By John DePutter & Dave Milne, DePutter Publishing Ltd.
As we enter the New Year, it is a good time to look forward and consider what might lie ahead and how it may impact market prices.
Futures could dip, October lows should hold
After touching six-month highs heading into the Christmas holidays, conventional wisdom would suggest cattle futures are now becoming increasingly vulnerable to a setback.
Any potential declines – which could see the market retrace a large portion of its gains from the October low – would not be a big surprise; just as the recent rally following the deep plunge through the first three quarters of 2016 was not terribly shocking either. Such is the normal ebb and flow of commodity markets. However, the market is not likely to fall below its October low.
Of course, the longer-term direction of the market will depend on how a variety of factors play out, including how U.S. producers react to continued unfriendly market conditions after seeing record prices just a couple of years ago.
Pace of expansion should be moderating
On Jan. 31, the USDA will release its latest cattle inventory report. That report will estimate the total number of cattle in the benchmark U.S. market as of Jan. 1 and could contain the first concrete evidence that American producers are easing off on the expansion gas pedal after some aggressive herd rebuilding the previous year.
As most producers likely know, American cattle numbers hit their lowest in 63 years at the end of 2013, the culmination of weak market prices, skyrocketing feedgrain values and a multi-year southern Plains drought that ravaged pastures. By the beginning of 2015, however, cattle numbers were up 1.4% from a year earlier, surprising analysts who were actually expecting a slight decline.
Beef cow numbers showed the sharpest gains in the 2015 inventory report, up 2% or 610,000 head from the previous year, while the number of beef replacement cows jumped over 4%.
Given that it is common for the American beef herd to be in expansion mode for anywhere from four to six years at a time, it remains likely that next month’s inventory report will show continued gains in the size of the American herd. However, it will be interesting to see just how much, if any, U.S. producers have throttled back in response to generally lower prices.
Breaking news! A USDA cattle on feed report released Dec. 23 showed November feedlot placements 15% above the year-ago level, topping trade ideas of a 13% increase and perhaps an early indication that producers are sending more heifers to market, rather than holding them back for breeding.
Keep an eye on competing meats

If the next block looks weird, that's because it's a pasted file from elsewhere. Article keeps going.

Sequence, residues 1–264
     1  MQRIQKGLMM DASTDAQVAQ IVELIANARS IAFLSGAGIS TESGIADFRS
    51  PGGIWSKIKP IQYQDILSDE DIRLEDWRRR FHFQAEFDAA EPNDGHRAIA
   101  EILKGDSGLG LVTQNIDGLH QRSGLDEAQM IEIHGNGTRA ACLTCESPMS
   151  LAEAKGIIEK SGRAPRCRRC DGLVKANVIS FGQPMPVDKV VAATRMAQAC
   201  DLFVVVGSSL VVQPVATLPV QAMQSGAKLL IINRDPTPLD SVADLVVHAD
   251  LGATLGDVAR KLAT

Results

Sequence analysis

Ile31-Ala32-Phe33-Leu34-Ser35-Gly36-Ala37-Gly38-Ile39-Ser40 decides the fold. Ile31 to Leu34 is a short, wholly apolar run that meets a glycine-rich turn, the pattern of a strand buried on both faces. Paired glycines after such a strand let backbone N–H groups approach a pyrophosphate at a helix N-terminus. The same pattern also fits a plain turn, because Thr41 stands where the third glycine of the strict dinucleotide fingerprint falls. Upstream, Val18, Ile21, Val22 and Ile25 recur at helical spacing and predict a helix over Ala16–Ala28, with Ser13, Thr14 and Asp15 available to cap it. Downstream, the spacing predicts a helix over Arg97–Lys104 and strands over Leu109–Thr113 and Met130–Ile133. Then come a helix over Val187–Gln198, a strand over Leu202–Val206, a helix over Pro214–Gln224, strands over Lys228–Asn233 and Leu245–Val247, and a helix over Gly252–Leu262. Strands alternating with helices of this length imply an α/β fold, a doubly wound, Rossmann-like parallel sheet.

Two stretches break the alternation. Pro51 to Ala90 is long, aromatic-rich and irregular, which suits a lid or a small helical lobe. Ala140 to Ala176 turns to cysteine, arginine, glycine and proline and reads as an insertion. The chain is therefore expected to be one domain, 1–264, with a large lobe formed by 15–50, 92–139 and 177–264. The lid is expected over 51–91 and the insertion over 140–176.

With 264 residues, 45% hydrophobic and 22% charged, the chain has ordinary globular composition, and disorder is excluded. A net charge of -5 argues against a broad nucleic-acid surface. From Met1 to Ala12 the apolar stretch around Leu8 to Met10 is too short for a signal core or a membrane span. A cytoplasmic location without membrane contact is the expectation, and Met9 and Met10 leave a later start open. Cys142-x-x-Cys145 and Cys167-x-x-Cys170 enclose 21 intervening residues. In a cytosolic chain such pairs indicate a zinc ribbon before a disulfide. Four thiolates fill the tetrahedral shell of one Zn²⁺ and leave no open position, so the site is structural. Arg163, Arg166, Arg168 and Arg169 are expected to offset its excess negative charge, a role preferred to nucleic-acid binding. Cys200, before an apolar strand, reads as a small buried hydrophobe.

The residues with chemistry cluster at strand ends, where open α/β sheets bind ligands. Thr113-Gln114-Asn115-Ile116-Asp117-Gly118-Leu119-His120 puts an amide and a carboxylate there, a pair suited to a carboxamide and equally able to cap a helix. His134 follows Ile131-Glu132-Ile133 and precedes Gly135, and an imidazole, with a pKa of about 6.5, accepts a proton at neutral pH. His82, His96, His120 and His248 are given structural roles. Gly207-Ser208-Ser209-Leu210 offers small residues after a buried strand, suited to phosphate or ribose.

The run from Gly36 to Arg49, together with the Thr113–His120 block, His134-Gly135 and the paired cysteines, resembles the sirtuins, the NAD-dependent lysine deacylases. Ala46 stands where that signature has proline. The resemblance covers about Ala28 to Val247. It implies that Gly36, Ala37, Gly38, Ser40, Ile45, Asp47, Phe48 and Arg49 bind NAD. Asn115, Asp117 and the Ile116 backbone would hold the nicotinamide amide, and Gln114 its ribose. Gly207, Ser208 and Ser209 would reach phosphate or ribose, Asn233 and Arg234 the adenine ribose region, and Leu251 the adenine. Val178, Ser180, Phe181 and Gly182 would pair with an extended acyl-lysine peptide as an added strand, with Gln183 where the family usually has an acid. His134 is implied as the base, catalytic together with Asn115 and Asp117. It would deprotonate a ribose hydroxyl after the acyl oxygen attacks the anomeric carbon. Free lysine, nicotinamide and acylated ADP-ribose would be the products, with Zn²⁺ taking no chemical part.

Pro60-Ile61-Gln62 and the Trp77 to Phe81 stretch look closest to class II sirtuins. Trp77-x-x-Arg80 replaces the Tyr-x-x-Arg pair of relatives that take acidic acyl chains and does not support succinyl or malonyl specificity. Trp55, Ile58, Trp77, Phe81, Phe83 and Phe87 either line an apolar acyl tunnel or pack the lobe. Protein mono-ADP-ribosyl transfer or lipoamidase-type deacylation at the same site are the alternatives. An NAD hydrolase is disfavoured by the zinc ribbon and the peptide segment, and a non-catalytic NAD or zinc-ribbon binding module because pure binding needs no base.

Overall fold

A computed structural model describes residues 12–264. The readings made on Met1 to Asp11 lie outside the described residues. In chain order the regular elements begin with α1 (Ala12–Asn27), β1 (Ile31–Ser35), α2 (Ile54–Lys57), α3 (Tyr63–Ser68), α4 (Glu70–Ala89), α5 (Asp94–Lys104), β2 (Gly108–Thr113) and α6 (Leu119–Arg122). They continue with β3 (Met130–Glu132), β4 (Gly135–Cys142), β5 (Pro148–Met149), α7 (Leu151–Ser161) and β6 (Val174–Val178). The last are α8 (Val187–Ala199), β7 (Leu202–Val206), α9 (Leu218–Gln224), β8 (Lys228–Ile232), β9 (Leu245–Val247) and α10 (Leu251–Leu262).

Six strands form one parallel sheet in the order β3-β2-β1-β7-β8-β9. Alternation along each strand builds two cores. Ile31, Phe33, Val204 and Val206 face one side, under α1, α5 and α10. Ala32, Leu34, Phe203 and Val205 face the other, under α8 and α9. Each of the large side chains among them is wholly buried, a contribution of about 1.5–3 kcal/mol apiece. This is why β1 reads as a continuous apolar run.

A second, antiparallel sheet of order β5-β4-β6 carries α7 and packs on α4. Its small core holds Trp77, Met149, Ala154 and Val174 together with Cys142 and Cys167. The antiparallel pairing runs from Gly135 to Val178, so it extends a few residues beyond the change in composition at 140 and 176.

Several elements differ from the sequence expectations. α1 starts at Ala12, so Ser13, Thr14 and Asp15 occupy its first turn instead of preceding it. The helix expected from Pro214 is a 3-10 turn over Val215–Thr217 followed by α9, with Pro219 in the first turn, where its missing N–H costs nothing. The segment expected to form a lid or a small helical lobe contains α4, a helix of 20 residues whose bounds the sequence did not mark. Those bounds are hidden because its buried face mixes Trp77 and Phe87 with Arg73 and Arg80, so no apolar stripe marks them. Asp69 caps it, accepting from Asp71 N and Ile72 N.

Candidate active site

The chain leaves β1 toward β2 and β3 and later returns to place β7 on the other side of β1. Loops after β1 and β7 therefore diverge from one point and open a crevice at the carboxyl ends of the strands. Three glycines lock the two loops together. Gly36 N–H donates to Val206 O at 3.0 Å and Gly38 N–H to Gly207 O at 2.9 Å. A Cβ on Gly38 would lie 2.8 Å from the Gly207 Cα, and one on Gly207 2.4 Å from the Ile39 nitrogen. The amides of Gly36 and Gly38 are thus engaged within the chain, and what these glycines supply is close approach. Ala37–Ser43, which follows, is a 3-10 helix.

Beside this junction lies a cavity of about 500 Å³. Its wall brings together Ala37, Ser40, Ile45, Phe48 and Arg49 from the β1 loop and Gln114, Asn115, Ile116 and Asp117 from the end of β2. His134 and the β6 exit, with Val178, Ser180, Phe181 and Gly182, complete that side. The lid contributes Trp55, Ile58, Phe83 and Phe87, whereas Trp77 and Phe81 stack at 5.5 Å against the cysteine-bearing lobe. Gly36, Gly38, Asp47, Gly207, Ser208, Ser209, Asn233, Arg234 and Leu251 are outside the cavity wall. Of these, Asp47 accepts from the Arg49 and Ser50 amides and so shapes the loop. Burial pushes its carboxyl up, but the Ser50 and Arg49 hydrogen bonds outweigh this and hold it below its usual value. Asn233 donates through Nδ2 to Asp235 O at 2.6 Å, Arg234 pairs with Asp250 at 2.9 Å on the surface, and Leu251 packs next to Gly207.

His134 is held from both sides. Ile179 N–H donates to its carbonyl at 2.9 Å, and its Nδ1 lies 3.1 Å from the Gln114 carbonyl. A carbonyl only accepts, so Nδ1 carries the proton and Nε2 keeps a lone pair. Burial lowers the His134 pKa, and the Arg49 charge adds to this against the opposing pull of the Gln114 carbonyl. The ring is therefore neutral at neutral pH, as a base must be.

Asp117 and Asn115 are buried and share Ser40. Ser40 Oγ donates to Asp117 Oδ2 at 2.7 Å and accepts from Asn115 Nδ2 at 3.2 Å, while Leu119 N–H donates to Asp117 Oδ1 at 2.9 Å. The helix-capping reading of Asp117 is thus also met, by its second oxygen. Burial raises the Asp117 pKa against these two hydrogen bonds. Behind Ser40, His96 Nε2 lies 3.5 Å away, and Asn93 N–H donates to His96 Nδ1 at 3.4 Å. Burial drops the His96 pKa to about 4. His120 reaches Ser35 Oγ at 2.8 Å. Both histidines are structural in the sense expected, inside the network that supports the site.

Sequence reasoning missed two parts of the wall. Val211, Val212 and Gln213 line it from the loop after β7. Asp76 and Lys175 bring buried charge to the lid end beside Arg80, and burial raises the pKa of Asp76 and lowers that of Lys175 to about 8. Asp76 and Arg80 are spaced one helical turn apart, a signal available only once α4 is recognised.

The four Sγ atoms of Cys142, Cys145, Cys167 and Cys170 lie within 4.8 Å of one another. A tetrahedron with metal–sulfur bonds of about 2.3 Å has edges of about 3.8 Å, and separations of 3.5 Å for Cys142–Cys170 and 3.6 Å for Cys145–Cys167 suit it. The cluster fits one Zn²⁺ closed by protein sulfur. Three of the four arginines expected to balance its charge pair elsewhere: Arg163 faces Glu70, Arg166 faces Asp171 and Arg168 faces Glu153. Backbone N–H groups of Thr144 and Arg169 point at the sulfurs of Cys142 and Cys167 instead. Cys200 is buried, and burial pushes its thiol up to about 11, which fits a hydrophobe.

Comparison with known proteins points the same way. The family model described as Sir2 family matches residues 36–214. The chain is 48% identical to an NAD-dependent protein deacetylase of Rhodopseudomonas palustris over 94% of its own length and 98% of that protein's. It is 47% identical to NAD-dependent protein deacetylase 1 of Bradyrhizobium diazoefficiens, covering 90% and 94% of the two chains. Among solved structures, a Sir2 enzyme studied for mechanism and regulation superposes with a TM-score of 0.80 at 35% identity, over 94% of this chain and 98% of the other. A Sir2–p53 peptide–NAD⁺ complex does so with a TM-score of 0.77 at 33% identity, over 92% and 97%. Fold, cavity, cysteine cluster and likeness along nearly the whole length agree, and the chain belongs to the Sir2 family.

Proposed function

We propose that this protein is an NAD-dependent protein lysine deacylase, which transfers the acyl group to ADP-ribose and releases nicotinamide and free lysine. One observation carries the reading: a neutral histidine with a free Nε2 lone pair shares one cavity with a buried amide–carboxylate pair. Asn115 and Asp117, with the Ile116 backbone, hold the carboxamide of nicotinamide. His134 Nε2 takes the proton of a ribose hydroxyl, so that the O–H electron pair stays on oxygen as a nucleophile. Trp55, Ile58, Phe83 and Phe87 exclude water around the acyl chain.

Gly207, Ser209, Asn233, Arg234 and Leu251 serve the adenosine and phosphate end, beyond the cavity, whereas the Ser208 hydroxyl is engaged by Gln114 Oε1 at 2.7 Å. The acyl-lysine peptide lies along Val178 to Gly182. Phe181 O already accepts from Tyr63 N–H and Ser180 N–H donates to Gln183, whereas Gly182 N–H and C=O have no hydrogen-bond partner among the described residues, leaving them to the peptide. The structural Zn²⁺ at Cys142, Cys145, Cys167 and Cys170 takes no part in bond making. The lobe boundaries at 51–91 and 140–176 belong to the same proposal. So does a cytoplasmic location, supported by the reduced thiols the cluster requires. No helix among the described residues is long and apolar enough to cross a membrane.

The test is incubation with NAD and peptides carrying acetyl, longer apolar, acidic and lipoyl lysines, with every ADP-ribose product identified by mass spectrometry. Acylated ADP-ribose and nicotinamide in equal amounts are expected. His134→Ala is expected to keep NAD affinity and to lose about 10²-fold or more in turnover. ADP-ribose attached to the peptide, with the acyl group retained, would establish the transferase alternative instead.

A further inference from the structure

It’s no secret beef is competing in a crowded protein market. Much lower feedgrain prices have pushed pork and chicken production higher as well, giving consumers a cheaper alternative to beef.
To that end, the latest quarterly USDA hogs and pigs report (also released Dec. 23) pegged the total U.S. inventory as of Dec. 1 up 4% from the previous year and easily beating trade guesses that suggested a 2% increase. With U.S. pork production already running at record high levels, the report indicates that pork supplies could become particularly heavy in the spring, providing even more competition for beef. Prices could be pressured if demand doesn’t keep up.
Trade and export demand
U.S. beef exports do not represent the same proportion of total production as pork (around 13% versus 25%) but shipments remain a huge market factor nonetheless.
Through October (the latest month for which statistics are available), beef export volume was up 9%, although lower prices meant the value of those shipments were down 3% to US$5.1 billion.
Going forward, export demand will be heavily influenced by the strength in the American dollar, which recently touched 14-year highs and makes it more expensive – and thus less appealing – for foreign buyers to purchase American beef.
Plenty of uncertainty also surrounds U.S. president-elect Donald Trump, who has made no secret of his disdain for some trade deals. For example, Trump has already pledged to pull out of the Trans-Pacific Partnership, a deal that would have significantly increased American market access in Japan, a billion dollar market where the U.S. is now losing business to Australia.
Although there are some potential clouds hanging over the cattle market moving into 2017, industry participants have a lot to be thankful for. As members of the agricultural community, it’s important to remember how fortunate you are to be working in the greatest business in the world (agriculture and food), in the best part of North America (rural communities).
All the best to you and yours. We look forward to continuing to serve you via these blogs in 2017.
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